‘I Like Scary Movies’ a bracing mix of interactive art, wit

By | May 30, 2019

AT: Dean Lamanna

LOS ANGELES — Horror film mavens, especially those in Southern California, think they’ve seen it all when it comes to live fright-genre presentations such as Knott’s Scary Farm and Universal Studios’ Halloween Horror Nights. And that’s something of which “I Like Scary Movies,” a new interactive art installation, seems keenly aware.

The 25,000-square foot presentation, occupying the second floor of The Desmond, a historic building on Wilshire Boulevard in L.A.’s Miracle Mile district, eschews easy funhouse scares, flashy strobe effects and in-your-face costume characters with please-touch-me-if-you-dare detail, multisensory creepiness and social media-friendly staging — lacing it all with surprising wit. It opened in early April and is scheduled to run in its inaugural location through June 16 before going on tour.

The display offers some strikingly visionary interpretations of iconic scenes from five horror / fantasy movies produced by Warner Bros. and New Line Cinema: Beetlejuice (Netherworld waiting room), It (Pennywise’s sewer lair), The Lost Boys (misty railroad bridge vampire hangout), A Nightmare on Elm Street (Freddy Kreuger’s boiler room) and The Shining (bloody elevator hallway, hedge maze and more). And unlike most haunt attractions, it encourages participants to sidle up to and step inside the fearsome “props” — in effect, inviting them to help shape the experience.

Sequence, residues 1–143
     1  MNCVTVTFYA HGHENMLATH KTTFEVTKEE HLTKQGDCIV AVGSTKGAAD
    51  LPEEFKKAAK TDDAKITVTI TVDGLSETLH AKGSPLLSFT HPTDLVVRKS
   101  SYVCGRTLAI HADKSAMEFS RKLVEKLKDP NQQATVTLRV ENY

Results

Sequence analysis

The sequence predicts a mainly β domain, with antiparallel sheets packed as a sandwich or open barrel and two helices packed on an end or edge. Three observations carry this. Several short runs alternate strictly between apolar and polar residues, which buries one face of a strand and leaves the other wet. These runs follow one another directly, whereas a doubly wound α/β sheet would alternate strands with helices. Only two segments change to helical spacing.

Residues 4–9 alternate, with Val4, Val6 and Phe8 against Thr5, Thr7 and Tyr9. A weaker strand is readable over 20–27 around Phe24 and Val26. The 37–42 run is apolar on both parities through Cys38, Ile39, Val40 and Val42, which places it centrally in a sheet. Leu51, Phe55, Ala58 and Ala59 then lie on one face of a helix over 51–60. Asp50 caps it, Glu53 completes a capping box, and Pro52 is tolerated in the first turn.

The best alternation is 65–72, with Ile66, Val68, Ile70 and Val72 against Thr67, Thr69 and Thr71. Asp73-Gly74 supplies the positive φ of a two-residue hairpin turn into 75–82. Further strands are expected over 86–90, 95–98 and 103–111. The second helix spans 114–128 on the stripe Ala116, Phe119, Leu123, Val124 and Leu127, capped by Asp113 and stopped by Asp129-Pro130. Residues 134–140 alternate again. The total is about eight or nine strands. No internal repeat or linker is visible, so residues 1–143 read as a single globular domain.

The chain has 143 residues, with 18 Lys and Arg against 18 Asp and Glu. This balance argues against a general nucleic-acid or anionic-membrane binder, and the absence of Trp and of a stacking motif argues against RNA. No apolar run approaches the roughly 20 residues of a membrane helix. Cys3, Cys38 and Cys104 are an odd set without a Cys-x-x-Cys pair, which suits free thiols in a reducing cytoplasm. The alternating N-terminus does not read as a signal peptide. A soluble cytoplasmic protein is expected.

Wonder what it’s like to be caught in the grip of Freddy’s finger knives? You’ll find yourself encaged by them here.

“I Like Scary Movies” is the brainchild of locally based experiential artist Maximillian, with his wife, Robyn Snodgrass, executive-producing through their company, Ultra Prods. It taps into its creator’s 20-year history of making multimedia promotional and entertainment installations for the likes of Comic-Con, Marvel Entertainment, Pixar, Walt Disney Pictures and his current collaborator, Warner Bros. Consumer Products.

During a chat in his exhibit-adjacent office — a space filled with concept illustrations, copies of Fangoria magazine and wall art patterned after the Overlook Hotel’s trippy geometric carpet in The Shining — the artist told Amusement Today that he considers the installation “3D fan art.”

“We’ve done a lot of things that were promotionally based, but no one had really tapped into doing anything that was celebrating movie IP [intellectual property] in a ticketed experience,” said Maximillian, who spent a good part of his youth building backyard haunted houses and invested a year and a half seeing “I Like Scary Movies” from concept to completion. “I’ve always loved illustrated fan art, and our goal was to create an experience where fans could take their time to engage with the fantastical worlds of scary movies that have shaped their fandom.”

Having established a prior working relationship with Warner Bros., he realized that many of his favorite genre movies were produced by the studio — and their partnership on the installation followed naturally.